Research Highlights

Graphene’s Role in Making Arsenic-Free Water (2010.7.20)

2010-11-15 1,433

Arsenic is a very toxic substance most widely used for wood preservers because it is a strong killer of insects and bacteria. It is also being applied in the manufacture of agrichemicals such as pesticides, insecticides and herbicides; but its usage has been declining because of adverse effects on the environment.

Due to its odorless and colorless character, and its capacity to become transferred easily, arsenic intake can occur accidentally by drinking allegedly “clean” water. The World Health Organization estimated that approximately 57 million people worldwide are drinking arsenic-contaminated water with carcinogenic properties. Not surprisingly, casualties caused by arsenic poisoning have been reported in the past years, most prevalently in countries like Bangladesh, Taiwan, and Pakistan.

But recently, Professor Kwang Soo Kim at POSTECH’s Department of Chemistry, a celebrity in his field nominated as a National Scientist by the Korean government, found a novel solution. He discovered that arsenic can be filtered from pure water up to 99.99% using graphene, a new material gaining spotlight for future information technology. Apparently, this is an entirely different role of graphene.

In joint research with Professor In-Chul Hwang and in alliance with POSCO, he has developed a hybrid compound by combining magnetite and Reduced Graphene Oxide (RGO), which can greatly reduce the amount of arsenic in water by down to one billionth (1 ppb). The methodology has attracted attention of the scientific world for its genuineness and practicality. The work was published in a well-known journal, American Chemical Society Nano.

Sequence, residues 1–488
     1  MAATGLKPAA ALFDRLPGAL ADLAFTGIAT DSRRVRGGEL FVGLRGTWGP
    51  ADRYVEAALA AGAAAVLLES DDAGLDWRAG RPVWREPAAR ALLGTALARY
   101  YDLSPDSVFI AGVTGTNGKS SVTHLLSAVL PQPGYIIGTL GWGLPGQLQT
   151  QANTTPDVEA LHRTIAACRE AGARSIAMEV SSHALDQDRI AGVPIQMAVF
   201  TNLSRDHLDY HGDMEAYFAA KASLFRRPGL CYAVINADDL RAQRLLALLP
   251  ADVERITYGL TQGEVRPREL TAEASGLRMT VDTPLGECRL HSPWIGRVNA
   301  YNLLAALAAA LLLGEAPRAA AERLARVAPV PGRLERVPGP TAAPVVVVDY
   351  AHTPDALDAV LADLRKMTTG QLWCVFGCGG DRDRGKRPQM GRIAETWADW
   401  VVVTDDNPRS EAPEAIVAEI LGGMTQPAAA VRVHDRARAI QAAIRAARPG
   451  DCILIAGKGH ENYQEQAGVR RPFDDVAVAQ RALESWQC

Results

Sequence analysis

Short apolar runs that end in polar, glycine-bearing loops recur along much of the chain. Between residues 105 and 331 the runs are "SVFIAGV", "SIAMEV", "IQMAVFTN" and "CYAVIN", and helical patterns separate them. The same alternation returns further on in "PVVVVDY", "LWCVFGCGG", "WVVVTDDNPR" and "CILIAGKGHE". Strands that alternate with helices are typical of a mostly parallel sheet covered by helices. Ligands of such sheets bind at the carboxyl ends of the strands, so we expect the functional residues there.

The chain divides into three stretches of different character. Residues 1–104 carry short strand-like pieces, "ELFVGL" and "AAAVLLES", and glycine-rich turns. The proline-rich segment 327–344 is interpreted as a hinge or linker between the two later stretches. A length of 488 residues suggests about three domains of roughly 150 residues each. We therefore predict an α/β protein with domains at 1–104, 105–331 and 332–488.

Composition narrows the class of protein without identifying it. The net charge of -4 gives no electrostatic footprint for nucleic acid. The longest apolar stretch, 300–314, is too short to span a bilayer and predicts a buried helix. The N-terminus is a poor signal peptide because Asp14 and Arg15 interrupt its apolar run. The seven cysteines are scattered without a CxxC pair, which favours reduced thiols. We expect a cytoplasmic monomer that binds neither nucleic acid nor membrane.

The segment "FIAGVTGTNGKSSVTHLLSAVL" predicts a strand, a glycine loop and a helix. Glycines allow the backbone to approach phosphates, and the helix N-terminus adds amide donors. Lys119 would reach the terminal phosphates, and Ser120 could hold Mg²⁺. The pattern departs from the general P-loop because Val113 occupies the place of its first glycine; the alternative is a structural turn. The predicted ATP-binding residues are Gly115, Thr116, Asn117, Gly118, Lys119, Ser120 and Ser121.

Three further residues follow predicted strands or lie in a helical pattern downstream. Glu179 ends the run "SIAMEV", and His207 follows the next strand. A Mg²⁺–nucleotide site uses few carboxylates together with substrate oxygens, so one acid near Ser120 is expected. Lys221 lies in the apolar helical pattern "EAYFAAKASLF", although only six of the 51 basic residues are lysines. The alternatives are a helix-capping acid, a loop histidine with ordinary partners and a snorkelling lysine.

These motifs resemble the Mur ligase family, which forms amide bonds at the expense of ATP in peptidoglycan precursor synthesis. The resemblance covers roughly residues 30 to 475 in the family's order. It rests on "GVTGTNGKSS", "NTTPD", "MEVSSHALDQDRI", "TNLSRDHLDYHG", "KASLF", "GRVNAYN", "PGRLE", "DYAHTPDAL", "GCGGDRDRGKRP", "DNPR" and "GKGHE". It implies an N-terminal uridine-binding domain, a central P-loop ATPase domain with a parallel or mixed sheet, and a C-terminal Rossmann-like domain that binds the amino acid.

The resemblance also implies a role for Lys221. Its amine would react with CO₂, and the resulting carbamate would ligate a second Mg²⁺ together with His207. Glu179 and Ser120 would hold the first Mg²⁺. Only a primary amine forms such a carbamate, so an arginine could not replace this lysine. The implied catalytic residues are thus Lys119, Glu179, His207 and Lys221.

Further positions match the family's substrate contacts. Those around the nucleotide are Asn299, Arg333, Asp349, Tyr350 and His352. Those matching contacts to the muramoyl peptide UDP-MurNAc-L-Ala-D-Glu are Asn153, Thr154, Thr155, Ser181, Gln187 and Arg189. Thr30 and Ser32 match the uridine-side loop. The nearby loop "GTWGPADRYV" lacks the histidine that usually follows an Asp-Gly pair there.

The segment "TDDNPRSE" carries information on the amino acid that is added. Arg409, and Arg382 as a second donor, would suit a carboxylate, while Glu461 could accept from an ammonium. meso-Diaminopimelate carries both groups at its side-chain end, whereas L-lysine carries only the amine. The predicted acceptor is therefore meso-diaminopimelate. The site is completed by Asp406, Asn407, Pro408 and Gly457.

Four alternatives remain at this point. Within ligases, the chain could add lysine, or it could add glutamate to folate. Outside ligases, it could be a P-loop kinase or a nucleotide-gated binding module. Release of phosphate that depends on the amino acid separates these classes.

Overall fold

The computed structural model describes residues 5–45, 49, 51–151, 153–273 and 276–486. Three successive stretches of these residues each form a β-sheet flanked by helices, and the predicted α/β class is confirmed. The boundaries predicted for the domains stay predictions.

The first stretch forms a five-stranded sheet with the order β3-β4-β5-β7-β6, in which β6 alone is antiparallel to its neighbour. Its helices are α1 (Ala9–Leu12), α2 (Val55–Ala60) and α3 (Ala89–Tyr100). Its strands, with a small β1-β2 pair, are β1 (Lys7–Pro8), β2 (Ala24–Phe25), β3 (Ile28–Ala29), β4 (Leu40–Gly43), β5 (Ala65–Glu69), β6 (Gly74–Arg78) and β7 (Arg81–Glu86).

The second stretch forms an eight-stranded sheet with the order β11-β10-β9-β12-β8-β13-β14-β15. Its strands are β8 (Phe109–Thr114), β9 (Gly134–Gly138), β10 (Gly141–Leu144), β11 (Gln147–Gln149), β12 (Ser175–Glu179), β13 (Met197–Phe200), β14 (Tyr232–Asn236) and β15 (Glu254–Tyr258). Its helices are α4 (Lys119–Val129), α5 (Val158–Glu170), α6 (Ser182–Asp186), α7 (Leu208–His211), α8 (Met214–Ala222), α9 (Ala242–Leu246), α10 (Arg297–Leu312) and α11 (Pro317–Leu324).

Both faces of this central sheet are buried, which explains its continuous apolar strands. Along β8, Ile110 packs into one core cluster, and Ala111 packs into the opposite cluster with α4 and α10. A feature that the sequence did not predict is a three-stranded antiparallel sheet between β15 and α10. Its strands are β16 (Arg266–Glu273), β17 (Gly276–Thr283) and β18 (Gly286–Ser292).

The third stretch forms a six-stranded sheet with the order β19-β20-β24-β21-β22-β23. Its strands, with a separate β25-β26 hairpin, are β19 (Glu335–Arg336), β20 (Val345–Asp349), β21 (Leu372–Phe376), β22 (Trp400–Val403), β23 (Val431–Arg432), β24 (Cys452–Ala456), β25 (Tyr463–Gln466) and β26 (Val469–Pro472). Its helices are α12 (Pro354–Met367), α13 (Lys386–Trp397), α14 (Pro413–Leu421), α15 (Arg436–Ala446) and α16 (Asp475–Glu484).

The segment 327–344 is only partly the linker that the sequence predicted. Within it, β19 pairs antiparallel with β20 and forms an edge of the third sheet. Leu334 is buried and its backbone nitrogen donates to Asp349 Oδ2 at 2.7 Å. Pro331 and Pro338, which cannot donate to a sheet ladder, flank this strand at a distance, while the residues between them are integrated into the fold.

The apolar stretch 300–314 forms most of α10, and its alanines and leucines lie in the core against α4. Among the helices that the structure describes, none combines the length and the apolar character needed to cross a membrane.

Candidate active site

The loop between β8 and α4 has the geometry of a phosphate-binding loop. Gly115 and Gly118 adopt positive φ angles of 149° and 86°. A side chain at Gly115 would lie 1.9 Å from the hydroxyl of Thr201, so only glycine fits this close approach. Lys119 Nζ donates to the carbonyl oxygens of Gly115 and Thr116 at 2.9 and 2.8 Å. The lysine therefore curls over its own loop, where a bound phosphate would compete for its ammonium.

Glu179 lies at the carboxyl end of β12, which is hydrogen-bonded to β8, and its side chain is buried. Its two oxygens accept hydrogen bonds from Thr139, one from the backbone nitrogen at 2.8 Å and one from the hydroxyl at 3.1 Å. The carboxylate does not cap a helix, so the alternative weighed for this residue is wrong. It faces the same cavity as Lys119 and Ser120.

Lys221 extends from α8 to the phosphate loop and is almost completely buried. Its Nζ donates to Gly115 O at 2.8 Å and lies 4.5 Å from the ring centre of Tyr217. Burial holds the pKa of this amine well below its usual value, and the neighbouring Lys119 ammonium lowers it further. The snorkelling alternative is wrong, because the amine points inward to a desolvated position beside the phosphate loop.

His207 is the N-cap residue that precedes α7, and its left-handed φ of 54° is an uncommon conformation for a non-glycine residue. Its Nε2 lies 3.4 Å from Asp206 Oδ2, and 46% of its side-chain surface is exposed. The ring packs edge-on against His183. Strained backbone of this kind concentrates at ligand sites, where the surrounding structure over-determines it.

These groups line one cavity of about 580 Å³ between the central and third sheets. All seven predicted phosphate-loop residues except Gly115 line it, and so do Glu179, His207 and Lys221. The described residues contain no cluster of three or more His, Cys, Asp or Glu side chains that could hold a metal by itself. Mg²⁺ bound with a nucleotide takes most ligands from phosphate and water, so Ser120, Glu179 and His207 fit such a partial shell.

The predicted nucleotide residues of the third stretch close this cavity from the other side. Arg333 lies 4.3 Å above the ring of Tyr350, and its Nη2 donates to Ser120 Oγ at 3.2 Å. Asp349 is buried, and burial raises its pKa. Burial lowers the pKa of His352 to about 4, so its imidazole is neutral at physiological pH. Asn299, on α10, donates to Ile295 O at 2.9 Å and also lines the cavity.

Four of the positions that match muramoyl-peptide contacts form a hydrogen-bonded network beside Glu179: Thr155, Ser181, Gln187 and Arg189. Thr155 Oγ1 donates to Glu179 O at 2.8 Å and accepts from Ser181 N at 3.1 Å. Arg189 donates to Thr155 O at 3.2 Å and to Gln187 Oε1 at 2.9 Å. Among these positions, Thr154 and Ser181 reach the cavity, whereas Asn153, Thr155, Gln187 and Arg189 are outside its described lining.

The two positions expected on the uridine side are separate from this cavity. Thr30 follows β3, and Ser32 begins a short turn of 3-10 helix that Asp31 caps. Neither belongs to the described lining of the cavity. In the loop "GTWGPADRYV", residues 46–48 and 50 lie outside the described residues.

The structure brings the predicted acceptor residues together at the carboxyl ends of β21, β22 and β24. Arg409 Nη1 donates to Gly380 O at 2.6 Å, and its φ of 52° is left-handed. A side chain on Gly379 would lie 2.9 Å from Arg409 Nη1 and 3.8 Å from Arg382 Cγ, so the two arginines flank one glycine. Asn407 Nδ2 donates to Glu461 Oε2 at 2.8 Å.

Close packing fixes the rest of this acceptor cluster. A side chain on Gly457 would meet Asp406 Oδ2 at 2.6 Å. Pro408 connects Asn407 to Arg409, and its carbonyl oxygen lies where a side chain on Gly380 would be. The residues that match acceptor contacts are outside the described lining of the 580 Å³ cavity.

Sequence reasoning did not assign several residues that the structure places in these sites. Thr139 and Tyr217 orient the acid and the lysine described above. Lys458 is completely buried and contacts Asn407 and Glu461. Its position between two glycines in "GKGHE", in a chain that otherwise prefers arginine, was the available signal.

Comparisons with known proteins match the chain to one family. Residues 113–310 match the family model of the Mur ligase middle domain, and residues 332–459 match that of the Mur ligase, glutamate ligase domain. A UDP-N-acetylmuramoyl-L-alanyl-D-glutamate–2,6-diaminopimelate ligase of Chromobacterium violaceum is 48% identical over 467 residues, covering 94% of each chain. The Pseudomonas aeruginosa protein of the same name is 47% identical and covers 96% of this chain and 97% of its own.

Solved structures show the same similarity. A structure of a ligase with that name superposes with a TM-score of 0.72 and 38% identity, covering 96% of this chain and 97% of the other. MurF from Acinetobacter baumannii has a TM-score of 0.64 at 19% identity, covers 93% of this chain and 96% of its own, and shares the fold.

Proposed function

Until now, magnetites, significant ores of iron possessing a very strong magnetic property enough to be a natural magnet, have been used to purify polluted water. But they had a drawback of only being useful for pooled water because magnetite particles become oxidized quickly when exposed to air.

However, the new technique of Professor Kim’s team addressed the issue from a very different angle. They sprayed ten nanometers of magnetite-RGO compound into the arsenic contaminated water and isolated the arsenic content using a magnet. Afterwards, they would retrieve the isolated arsenic instantaneously out of the water, in a similar fashion to fishing. By doing so, arsenic in flowing water could also become extracted, leaving the water clean.

“Magnetites are commonly used in many areas, but by applying Reduced Graphene Oxide films to them, our team was able to free water from arsenic poisoning in a more stabilized way, and also expand the adhesion area of arsenic,” commented Professor Kim on his team’s new outcome. Furthermore, he revealed “Now we can purify arsenic water pollution with strongly adhering arsenic 3 and arsenic 5 compounds, which are well-known for their toxicity.”